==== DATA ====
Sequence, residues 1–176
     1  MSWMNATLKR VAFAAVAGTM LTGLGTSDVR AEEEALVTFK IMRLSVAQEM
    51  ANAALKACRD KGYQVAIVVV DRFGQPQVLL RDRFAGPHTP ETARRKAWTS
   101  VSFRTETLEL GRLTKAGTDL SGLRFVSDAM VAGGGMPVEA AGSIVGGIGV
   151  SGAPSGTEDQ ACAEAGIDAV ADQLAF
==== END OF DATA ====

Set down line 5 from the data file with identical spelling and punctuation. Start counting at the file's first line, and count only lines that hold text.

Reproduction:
   151  SGAPSGTEDQ ACAEAGIDAV ADQLAF